According to the IPCC (Intergovernmental Panel on Climate Change) when calculating CO2 emissions from burning or otherwise processing biomass we should count it as neutral. The rationale for this comes from a stand that CO2 emitted by burning biomass will be eventually absorbed by the plants.
In a time when lowering CO2 emissions is paramount for saving the planet this sounds counterintuitive. That is because it is, but not because of the reason you think it is.
It is worth mentioning that many scientists disagree with this policy and this is our contribution to the ongoing argumentation on how to change this stand.
There are two aspects to this problem. By supporting this principle you are giving a mandate to all actors who use wood or biomass for heating, to continue emitting CO2 into the atmosphere.
Without this mandate, they would need to switch to other renewable sources of energy (electricity from wind and solar, or use hydrogen as an energy carrier made from wind and solar.) I will not debate the economics of this as this is not the point of this argument although market statistics show that electricity from wind and solar is the cheapest one.
Another important factor is that by excessively using biomass for energy we are destroying the ecosystem, one thing we are bound to protect from the negative effects of climate change. Not to mention that we are polluting the air.
The other aspect that explains the wrongfulness of the assumption that releasing CO2 from the atmosphere is neutral is the one that humans have broken the balance of the natural ecosystem.
Before the industrial revolution, which we take as the point in time when humanity began altering the balance of the ecosystem there were certain levels of CO2 in the atmosphere. The commonly agreed number is 280ppm and it was mostly constant for the last 5-6000 years. In that time humans have (along with natural causes) burned wood and biomass for heating and cooking. Despite all of this activity levels of CO2 remained stable.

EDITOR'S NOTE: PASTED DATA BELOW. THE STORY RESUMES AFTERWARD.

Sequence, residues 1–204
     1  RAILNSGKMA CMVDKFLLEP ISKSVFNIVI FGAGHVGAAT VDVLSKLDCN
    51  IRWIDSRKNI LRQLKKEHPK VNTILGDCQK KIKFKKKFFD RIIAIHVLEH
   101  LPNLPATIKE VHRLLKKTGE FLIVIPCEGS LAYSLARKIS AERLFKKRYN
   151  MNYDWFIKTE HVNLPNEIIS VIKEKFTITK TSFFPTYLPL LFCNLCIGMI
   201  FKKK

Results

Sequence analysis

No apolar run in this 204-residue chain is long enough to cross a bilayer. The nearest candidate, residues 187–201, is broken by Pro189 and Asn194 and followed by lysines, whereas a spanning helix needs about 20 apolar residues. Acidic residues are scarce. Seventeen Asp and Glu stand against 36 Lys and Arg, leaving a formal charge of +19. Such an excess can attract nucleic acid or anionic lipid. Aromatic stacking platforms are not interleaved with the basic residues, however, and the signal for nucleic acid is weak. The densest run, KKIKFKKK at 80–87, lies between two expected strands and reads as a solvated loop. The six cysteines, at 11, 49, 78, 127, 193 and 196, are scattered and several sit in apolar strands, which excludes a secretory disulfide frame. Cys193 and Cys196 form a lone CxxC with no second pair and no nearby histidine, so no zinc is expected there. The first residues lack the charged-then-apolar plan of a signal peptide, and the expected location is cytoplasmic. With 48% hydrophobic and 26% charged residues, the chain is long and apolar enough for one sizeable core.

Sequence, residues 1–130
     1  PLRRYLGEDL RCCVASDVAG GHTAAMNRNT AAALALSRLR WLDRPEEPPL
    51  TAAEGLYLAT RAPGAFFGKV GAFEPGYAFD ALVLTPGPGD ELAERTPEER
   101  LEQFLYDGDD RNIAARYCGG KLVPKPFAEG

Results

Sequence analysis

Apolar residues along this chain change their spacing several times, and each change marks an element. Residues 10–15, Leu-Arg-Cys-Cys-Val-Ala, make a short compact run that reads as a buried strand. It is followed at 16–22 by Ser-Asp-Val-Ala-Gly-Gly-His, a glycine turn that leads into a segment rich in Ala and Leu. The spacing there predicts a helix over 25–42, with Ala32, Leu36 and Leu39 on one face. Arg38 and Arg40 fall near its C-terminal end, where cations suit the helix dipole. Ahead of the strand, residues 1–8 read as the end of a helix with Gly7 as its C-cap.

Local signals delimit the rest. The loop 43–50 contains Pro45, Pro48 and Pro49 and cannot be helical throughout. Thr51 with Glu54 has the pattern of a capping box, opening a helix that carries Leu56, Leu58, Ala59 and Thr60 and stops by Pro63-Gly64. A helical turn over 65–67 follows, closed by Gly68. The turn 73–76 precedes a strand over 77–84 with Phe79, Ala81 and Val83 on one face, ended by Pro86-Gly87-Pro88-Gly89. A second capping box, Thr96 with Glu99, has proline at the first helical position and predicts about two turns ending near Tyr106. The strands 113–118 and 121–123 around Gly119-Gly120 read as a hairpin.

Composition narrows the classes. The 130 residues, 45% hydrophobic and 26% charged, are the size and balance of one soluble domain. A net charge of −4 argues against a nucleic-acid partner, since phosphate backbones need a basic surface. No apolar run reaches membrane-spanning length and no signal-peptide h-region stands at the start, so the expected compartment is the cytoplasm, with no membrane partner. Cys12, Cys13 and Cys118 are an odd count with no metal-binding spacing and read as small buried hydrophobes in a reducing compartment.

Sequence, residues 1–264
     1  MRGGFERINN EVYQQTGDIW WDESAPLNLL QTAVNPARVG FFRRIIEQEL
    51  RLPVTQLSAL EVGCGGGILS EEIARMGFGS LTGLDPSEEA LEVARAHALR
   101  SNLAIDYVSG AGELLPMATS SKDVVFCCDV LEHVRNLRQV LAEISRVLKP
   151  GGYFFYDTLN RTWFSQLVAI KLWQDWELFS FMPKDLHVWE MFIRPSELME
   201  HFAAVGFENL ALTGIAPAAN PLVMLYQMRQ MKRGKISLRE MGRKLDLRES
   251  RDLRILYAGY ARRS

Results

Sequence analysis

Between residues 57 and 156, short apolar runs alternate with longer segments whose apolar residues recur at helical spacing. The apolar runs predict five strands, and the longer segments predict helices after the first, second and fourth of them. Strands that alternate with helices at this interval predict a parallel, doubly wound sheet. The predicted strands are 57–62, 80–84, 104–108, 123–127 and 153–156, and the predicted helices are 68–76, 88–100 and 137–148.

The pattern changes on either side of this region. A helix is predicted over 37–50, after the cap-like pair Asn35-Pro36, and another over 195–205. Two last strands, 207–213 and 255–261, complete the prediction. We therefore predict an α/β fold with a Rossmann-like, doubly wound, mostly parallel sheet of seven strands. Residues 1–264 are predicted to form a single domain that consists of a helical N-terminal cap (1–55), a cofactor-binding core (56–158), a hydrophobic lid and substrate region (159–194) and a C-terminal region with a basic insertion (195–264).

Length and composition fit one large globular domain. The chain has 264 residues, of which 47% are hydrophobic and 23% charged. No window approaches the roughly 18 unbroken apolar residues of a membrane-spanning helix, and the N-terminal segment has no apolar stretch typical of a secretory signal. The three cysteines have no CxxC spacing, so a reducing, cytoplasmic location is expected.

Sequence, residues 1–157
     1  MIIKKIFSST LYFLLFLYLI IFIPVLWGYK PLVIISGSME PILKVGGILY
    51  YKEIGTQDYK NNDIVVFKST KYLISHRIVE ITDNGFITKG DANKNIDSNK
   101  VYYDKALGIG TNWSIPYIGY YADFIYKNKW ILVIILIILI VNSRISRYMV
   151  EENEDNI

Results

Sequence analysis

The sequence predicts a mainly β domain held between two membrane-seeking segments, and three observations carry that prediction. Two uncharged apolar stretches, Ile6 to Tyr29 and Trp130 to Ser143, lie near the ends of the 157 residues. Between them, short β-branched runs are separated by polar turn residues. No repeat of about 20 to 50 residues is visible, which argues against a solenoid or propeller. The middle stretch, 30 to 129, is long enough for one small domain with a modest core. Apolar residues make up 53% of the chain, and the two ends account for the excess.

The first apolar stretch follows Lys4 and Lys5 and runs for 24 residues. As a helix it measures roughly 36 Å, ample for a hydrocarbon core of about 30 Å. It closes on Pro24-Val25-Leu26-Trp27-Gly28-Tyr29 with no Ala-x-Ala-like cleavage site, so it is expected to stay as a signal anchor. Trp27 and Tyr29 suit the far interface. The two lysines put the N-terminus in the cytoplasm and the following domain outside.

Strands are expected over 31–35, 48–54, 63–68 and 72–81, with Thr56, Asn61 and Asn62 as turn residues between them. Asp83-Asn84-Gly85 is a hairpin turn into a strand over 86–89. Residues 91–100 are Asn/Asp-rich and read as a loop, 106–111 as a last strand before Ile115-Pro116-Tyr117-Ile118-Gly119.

After the industrial revolution levels of CO2 began to soar and are now over 400ppm resulting in an average temperature rise of 1-1.5C. Anything above 0,5C is considered dangerous and the sole mission of the IPCC is to prevent this from happening.
During the last 150 years, the world has lost more than 1/3 of its forests. This means that we have a negative balance. If we would be able to acheive the level of land forest occupied 150 years ago we could be in a possition to start using the neutral formula for the usage of biomass for heating (i.e. burning and releasing CO2).
Even then we would need to put a limit on how much wood we can burn as it has to be balanced with the number of trees we can plant and its ability to sequester CO2 from the atmosphere.
The solution to this dilema would be, as we explained, to rigorously start tracking every tree we are logging and start systematically on a worldwide level planting trees ie. restoring forests. After we have restored the balance we had 150 years ago we will be able to start counting CO2 emissions from burning wood and biomass and CO2 neutral. Of course, we should do it in a controled manner.